The Model 25 pocket holster is made from SafariLaminate, a black synthetic suede mated to a thin Kydex lining. The Kydex is molded for the revolver on the back side only. The unfolded face of the pocket holster prevents it from printing while in the pocket, and the open-top pouch encloses all but the grip of the holstered revolver. With the molding on the backside only, it is not ambidextrous. The fit is noticeably looser than that of the other pocket holsters reviewed here, and it relies on the suede exterior to drag on the pocket as the gun is drawn. This Safariland synthetic pocket holster is very lightweight and perfectly executed.
With concealed carry now legal in most states, pocket holsters are a popular means of carrying small handguns. But pocket holsters aren’t new. They date back to the late 19th and early 20th centuries, when police officers often carried their medium-framed, double-action duty revolvers in a pocket holster on the hip. In the classic “Sixguns by Keith,” Elmer Keith discusses an ex-gunfighter friend of his who carried a short-barreled Colt Single Action Army revolver in a pocket holster: “Sam could stroll along the streets of any town with his right hand in his right pants pocket and coattail covering the gun, yet in a fraction of a second his hand could slide out of the side pants pocket, grasp the gun and draw it shooting.”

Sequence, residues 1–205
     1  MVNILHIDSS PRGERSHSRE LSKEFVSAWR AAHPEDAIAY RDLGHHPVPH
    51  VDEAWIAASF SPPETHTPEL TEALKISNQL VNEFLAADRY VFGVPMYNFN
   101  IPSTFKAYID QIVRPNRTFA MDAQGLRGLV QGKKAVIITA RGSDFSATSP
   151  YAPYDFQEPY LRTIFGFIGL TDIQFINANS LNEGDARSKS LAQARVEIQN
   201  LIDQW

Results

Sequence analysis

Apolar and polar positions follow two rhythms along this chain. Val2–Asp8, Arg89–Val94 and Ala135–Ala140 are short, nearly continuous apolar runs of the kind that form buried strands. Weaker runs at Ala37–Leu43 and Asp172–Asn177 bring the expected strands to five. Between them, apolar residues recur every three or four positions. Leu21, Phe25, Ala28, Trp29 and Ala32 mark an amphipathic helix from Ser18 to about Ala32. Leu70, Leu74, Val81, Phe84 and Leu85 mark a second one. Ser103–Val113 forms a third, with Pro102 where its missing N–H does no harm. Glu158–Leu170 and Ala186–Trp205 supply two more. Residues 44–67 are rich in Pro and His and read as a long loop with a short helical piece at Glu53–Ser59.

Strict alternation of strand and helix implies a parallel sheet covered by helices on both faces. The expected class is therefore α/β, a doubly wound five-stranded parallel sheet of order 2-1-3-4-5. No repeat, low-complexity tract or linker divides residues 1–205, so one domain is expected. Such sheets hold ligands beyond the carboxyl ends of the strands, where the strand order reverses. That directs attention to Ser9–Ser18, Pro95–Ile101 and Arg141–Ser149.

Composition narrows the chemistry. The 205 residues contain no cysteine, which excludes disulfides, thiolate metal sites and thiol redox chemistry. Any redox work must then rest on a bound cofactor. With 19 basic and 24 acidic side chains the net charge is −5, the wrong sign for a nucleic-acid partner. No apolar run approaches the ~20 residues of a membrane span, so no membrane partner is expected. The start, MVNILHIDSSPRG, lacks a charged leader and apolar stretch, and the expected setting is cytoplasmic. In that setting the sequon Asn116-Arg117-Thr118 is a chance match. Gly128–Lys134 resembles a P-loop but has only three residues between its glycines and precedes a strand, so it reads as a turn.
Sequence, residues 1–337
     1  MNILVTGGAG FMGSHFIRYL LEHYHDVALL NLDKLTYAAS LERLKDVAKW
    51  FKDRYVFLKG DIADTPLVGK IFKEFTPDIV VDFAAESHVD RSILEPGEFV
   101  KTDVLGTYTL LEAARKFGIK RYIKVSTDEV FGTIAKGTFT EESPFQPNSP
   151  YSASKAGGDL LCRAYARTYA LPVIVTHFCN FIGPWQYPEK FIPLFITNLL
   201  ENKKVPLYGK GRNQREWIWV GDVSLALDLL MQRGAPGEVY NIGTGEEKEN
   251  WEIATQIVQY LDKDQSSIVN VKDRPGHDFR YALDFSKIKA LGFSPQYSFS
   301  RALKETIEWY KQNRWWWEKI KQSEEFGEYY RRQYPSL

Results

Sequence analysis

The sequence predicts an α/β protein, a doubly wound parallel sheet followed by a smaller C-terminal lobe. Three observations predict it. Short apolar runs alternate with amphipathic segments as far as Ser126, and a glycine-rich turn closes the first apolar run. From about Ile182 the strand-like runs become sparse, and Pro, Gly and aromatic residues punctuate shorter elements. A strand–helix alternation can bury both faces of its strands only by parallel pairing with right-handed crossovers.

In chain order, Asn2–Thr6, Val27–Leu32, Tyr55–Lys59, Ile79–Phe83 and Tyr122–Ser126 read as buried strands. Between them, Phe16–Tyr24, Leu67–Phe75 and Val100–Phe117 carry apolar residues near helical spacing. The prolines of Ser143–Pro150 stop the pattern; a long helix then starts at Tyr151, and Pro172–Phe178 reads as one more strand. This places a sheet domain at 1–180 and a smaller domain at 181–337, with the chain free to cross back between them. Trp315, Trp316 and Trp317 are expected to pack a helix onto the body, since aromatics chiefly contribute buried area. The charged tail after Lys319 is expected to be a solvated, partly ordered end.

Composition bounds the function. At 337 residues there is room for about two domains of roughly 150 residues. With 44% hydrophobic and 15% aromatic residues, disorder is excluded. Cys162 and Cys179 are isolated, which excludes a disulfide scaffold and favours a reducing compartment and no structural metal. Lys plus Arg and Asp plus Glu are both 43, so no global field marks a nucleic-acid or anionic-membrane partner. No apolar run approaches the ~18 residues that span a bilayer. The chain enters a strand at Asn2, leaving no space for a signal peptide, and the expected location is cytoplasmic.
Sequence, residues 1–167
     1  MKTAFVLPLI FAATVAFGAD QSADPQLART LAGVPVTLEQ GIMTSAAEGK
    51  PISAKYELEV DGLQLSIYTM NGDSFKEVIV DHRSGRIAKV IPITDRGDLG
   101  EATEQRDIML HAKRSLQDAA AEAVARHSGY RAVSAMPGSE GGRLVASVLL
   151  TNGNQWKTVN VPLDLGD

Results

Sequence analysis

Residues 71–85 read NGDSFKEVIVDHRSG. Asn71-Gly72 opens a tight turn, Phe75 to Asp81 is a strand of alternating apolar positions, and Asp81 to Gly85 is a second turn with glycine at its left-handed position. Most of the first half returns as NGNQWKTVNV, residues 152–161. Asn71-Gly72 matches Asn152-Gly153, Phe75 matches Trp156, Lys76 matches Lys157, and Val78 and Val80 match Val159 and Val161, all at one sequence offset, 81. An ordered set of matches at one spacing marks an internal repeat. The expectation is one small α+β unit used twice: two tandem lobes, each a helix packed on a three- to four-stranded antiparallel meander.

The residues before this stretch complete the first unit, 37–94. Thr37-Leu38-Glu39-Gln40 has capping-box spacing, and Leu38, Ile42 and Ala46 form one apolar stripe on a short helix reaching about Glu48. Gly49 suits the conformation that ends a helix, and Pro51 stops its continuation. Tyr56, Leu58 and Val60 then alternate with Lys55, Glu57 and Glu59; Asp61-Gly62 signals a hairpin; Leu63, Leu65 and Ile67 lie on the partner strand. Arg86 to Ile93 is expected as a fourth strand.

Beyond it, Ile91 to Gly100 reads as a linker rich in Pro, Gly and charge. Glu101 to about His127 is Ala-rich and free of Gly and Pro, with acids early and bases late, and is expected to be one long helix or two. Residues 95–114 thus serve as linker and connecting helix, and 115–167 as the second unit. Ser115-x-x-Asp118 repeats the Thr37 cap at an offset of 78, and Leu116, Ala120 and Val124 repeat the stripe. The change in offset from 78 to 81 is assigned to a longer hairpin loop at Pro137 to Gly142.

But it was holster pioneer Chic Gaylord who popularized the modern pocket holster. Gaylord produced the first hand-molded, boned, friction-fit holsters in his New York City holster shop in the 1950s and 1960s. I recently purchased an 8-by-10, black-and-white press photograph dated October 9, 1955, showing a close-up of a Colt snubbie in a Gaylord “8-Ball” holster being inserted into a side pants pocket. The caption read, “The 8-Ball Side Pocket Holster for small guns is a favorite of detectives, bankers, jewelers, shopkeepers and people who want to carry a concealed weapon.”
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And such people may find that the pocket holster works as well today as it did in 1955. As Chic Gaylord said in his book “Handgunner’s Guide,” “The logical pocket in which to carry a small gun is the side pants pocket. It affords both comfort and concealment when you’re standing in a casual manner with your hand in your pocket. It affords one of the fastest and sneakiest draws possible. Many a bandit intent upon sticking up a jewelry or liquor store has died with an incredulous look on his face after running up against a side-pocket job.”
For more information about the pocket holsters featured in the gallery above, please visit the following sites.
Don Hume Model 001
Dillon Precision El Raton-DL
Frontier Gunleather Pocket Pal
Galco Front Pocket
Safariland Model 25
This article was originally published in “Pocket Pistols” 2018. To order a copy, go to outdoorgroupstore.com.